2016: Implementation Science: IS
Arcelio Benetoli, Timothy Frank Chen, Marion Schaefer, Betty B Chaar, Parisa Aslani
BACKGROUND: Social media is frequently used by consumers and health care professionals; however, our knowledge about its use in a professional capacity by pharmacists is limited. OBJECTIVE: Our aim was to investigate the professional use of social media by pharmacists. METHODS: In-depth semistructured interviews were conducted with practicing pharmacists (N=31) from nine countries. Interviews were recorded, transcribed verbatim, and thematically analyzed...
2016: Journal of Medical Internet Research
Ubaka Ogbogu, Candace Necyk
BACKGROUND: Reports of regulatory and evidentiary gaps have raised concerns about the marketing and use of natural health products (NHPs). The majority of NHPs offered for sale are purchased at a community pharmacy and pharmacists are "front-line" health professionals involved in the marketing and provision of NHPs. To date, the involvement of pharmacists in pharmacy care involving NHPs and the degree to which concerns over the safety, efficacy, marketing and regulation of NHPs are addressed in pharmacy care in Canada have not been studied...
2016: PloS One
Andrew M Briggs, Joanne E Jordan, Ilana N Ackerman, Sharon Van Doornum
OBJECTIVE: Recognising the need for a best-practice and consistent approach in providing care to women with rheumatoid arthritis (RA) in relation to (1) general health, (2) contraception, (3) conception and pregnancy, (4) breast feeding and (5) early parenting, we sought to achieve cross-discipline, clinical consensus on key messages and clinical practice behaviours in these 5 areas. DESIGN: 3-round eDelphi study. In round 1, panellists provided free-text responses to open-ended questions about care for women with RA across the 5 areas...
September 15, 2016: BMJ Open
Emily M Hawes, Caron Misita, Jena Ivey Burkhart, Lauren McKnight, Zachariah M Deyo, Ruth-Ann Lee, Caroline Howard, Stephen F Eckel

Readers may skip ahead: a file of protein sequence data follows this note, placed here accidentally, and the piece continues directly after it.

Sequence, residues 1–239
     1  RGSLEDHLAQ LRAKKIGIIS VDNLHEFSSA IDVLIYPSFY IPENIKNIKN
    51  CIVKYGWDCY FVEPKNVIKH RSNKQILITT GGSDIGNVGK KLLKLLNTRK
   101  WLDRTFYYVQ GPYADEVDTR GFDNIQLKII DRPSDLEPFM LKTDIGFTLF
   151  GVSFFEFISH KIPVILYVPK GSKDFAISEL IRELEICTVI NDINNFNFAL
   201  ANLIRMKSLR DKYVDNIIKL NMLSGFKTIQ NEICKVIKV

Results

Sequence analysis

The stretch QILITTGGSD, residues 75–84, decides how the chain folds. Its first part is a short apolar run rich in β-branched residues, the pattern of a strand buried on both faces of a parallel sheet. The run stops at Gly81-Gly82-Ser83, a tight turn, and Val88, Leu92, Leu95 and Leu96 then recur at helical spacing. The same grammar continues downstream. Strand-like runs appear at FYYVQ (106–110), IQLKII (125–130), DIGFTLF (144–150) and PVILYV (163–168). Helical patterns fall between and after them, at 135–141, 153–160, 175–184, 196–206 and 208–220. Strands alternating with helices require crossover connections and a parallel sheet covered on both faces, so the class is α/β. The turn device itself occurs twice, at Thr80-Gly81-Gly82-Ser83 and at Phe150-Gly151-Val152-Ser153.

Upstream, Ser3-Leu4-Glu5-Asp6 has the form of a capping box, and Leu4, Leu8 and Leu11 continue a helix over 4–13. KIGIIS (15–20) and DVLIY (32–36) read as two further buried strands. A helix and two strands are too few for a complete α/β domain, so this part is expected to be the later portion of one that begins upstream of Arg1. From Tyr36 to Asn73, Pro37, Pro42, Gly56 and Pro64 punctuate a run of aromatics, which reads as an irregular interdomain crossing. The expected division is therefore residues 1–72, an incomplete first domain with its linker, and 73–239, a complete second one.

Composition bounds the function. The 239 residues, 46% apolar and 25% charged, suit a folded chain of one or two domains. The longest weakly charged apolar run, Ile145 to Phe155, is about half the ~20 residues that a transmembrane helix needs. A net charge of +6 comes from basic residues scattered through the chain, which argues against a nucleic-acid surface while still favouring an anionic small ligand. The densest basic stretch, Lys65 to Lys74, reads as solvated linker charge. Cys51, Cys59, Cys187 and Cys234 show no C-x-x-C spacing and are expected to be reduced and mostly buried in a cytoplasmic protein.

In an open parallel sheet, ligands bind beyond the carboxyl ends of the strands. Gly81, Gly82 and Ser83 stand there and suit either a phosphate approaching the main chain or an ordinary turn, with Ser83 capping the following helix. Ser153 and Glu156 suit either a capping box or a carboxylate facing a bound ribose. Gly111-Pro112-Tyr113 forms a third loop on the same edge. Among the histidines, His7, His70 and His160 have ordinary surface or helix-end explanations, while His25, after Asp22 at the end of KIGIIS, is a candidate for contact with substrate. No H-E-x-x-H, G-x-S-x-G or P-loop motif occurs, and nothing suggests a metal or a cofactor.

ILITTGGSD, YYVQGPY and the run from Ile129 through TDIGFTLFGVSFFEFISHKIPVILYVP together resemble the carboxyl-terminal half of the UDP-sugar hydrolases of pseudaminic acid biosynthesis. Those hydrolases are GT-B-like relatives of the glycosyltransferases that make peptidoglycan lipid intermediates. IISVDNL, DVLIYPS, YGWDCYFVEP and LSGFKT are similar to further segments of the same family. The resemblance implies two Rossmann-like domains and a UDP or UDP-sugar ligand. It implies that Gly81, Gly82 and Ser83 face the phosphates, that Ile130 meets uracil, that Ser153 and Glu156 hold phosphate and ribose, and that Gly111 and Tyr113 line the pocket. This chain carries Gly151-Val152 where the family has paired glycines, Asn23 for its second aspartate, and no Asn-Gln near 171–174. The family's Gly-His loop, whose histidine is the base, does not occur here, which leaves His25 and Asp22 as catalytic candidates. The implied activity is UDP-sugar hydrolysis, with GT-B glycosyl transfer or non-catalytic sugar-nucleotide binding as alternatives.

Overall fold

PURPOSE: The prescribing authorities, clinical activities, and productivity documentation strategies of ambulatory care clinic-based pharmacists practicing within a large academic health system are described. SUMMARY: North Carolina law encourages progressive pharmacy practice through acquisition of the clinical pharmacist practitioner (CPP) designation. Qualified CPPs are authorized to provide collaborative drug therapy management services, including medication prescribing and ordering of laboratory tests, according to defined protocols and under physician supervision...
September 15, 2016: American Journal of Health-system Pharmacy: AJHP
Emma Barry, Kirsty O'Brien, Frank Moriarty, Janine Cooper, Patrick Redmond, Carmel M Hughes, Kathleen Bennett, Tom Fahey, Susan M Smith
OBJECTIVE: There is limited evidence regarding the quality of prescribing for children in primary care. Several prescribing criteria (indicators) have been developed to assess the appropriateness of prescribing in older and middle-aged adults but few are relevant to children. The objective of this study was to develop a set of prescribing indicators that can be applied to prescribing or dispensing data sets to determine the prevalence of potentially inappropriate prescribing in children (PIPc) in primary care settings...
2016: BMJ Open
Massimo Farina, Gianni De Paoli, Monica Canciani
PURPOSE: Raccomandazione 14 (Recommendation 14), issued by the Italian Ministry of Health, is aimed at providing requirements for preventing medication errors with antineoplastic drugs. Raccomandazione 14 covers all steps of the process, from supply to administration of therapies with specific conclusive guidance on tools and methods to be adopted for the assessment and management of clinical risk. METHODS: A form and a score system were designed and provided to healthcare professionals for self-assessment of adherence to Raccomandazione 14...
August 29, 2016: Tumori
Shinya Suzuki, Hiroomi Sakurai, Kenji Kawasumi, Makoto Tahara, Shinichiro Saito, Kazushi Endo
Background In the Japanese healthcare system, board certification not only maintains the quality of daily practice but is also required for hospitals to receive healthcare reimbursement. To date, no data on the effects of the board certification system in Japanese hospitals have been reported. Objective We performed a survey to clarify the impact of pharmacist certification on the quality of chemotherapy. Setting A nationwide mailing survey was conducted in Japan. Method We surveyed oncology pharmacists from 388 cancer designated hospitals (DHs) and 984 randomly selected general hospitals (GHs)...
October 2016: International Journal of Clinical Pharmacy
Wei Liu, Marie Gerdtz, Elizabeth Manias